Author Topic: Suspension guru's...  (Read 7409 times)

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Offline Concep Two9

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Suspension guru's...
« on: December 29, 2013, 02:05:35 PM »
How much effect does the rear wheel position in the swingarm have on rear shock performance? I'm thinking my KX250 wheel is too far back and softening the action, to where it's hard find a good setting.

Offline alward25

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Re: Suspension guru's...
« Reply #1 on: December 29, 2013, 03:43:24 PM »
What is the shock's history? spring, valving, service.  Is your spring for your weight?  Sag?  If the wheel is all the way back is will affect performance, more leverage.  Wrong spring is frequently the problem. 
"Let there be light"

Offline Concep Two9

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Re: Suspension guru's...
« Reply #2 on: December 29, 2013, 04:35:54 PM »
Thought I might get those questions, so.. PC revalved set up for me, last service was around 6 months ago, with 4-5 rides since. Static sag is in the right range so my spring should be correct. Race sag, 100-103. The problem is I'm having to dial in more compression than I think should be nessesary, to rid the to-soft feel. The wheel IS pretty far back, so considering knocking out a chain link to see if that helps.

Offline Dutch-K5 Fan

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Re: Suspension guru's...
« Reply #3 on: December 30, 2013, 04:38:59 AM »
I don't think there's much difference between race sag with wheel up front, and wheel al back.
Can be measured easy without chain to be sure.
For my self have never feld much difference.

Have been reading the Suspension Bible from Race Tech for 3 weeks now, it's real fun.
On the chapter: Troubleshooting it says.

SHOCKS
Feels Loose/ Shock Pumps:

A: not enough low-speed rebound damping
B: not enough high-speed rebound damping
C: not enough low-speed compression damping
D: springrate too soft
E: too little preload

So testing is the only option to find out if it's A,B,....... or E

Hope it helps.

Dutchie

Proud owner of a KX500AF

Offline don46

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Re: Suspension guru's...
« Reply #4 on: December 30, 2013, 05:58:20 AM »
Wheel position can have some effect the further back will create more leverage, but, I wouldn't think it would be significant. Have you checked your Nitrogen pressure or had it recharged? you will need a bottle ant the right set up to do it properly, if you check it using a gauge you will lose to much pressure and that will make your shock really soft. Nitrogen pressure does help a little bit.  I would think that a couple of clicks of compression would help your cause, if it kicks after compression then I'd add rebound.  some valving makes very little difference till you get almost all the way in or out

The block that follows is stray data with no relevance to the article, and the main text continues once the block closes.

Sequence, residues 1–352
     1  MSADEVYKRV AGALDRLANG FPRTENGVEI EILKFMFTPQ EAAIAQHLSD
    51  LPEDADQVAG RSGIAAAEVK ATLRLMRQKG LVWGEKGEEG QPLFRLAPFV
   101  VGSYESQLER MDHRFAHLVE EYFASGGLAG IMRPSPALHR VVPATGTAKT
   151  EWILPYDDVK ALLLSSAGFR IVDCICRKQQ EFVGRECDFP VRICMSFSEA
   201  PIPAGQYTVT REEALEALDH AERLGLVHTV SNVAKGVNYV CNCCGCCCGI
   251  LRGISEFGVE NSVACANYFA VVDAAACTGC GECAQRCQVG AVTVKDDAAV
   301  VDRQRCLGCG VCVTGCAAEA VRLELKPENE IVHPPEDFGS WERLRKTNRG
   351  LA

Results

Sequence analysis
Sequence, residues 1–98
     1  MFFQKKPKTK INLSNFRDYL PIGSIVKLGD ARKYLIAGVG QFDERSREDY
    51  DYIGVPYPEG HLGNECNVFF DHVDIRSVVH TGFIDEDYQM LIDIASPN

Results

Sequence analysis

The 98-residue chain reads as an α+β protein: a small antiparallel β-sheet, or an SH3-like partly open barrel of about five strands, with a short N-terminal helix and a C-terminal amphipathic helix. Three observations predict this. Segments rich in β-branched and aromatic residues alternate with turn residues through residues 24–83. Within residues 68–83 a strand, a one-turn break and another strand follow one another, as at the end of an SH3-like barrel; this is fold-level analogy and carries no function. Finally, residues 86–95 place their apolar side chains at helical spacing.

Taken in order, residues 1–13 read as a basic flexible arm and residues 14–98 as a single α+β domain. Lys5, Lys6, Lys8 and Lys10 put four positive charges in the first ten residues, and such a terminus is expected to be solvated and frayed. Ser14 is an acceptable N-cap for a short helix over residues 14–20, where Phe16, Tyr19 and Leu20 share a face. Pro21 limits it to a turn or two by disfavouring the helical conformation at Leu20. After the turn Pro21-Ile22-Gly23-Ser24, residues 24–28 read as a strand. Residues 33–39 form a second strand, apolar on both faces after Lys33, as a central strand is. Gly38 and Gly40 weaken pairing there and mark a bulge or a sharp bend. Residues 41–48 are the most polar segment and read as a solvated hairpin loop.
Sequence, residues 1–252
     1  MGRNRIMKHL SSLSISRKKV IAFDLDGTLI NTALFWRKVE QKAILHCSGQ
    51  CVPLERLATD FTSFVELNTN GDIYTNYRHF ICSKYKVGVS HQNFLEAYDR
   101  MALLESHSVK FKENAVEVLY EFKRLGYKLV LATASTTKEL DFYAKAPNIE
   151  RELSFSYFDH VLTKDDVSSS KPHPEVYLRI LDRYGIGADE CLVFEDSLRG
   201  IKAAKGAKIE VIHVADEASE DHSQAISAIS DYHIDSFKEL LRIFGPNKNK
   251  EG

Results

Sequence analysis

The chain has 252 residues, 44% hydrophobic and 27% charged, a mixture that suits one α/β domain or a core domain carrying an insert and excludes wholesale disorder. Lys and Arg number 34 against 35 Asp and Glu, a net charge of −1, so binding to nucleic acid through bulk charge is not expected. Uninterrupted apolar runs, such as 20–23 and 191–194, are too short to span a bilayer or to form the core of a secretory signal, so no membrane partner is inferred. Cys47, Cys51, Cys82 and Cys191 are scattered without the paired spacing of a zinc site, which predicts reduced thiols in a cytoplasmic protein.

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Offline Sapper

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Re: Suspension guru's...
« Reply #5 on: December 30, 2013, 09:26:23 AM »
The positioning of the rear wheel fore or aft isn't going to have any effect when only moving less than an inch. Granted the front wheel placement has an effect due to it being the lead wheel. The rear wheel trails.

I'd say it's either in your track conditions and the suspension isn't set up for it or your adjustments aren't right. Since you said it was built for you, I'd set the clickers in the middle and start from there.

I have all the settings written down for my sons bikes, for the tracks we frequent based on track conditions. Muddy, hard pack, loamy, etc. Even fork height settings. I don't make an absolute science every race like the pros do, these are just things I did along the way and wrote them down and it helps.

Offline Concep Two9

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Re: Suspension guru's...
« Reply #6 on: December 30, 2013, 04:49:36 PM »
Thanks for the input!, I also had a couple tuners offer some thoughts, here's what they had to say;


Actually the position has a lot more to do with sag numbers than actual suspension action / although the engineers here will dispute that /  its just what you feel as a rider You will be able to feel how it wants to 'turn in ' longer - slower / shorter - quicker - the latest bike to really feel the effects of the rear wheel is the 10-13 yz450f . If you moved it from the front of the slot to the rear , then that huge change would probably need a little compression tuning as well .Small changes / like adjusting the chain , you wont feel anything



For the most part, damping is a velocity (shock compressive/rebound speed) sensitive feature - force relative to speed.  Moving the wheel around within its limits won't change the shock speed much so it won't have much of an effect on the damping.  Spring rate is a position sensitive feature - force relative to position, and moving the wheel back gives more leverage on the linkage so you will end up with slightly softer suspension.  If you move your wheel around, just re-set your sag and you should be fine.  There shouldn't be much of any change to damping. 

Offline ewilly

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Re: Suspension guru's...
« Reply #7 on: August 02, 2019, 04:02:19 PM »
I am always looking for suspension tricks to avoid paying $$$

THX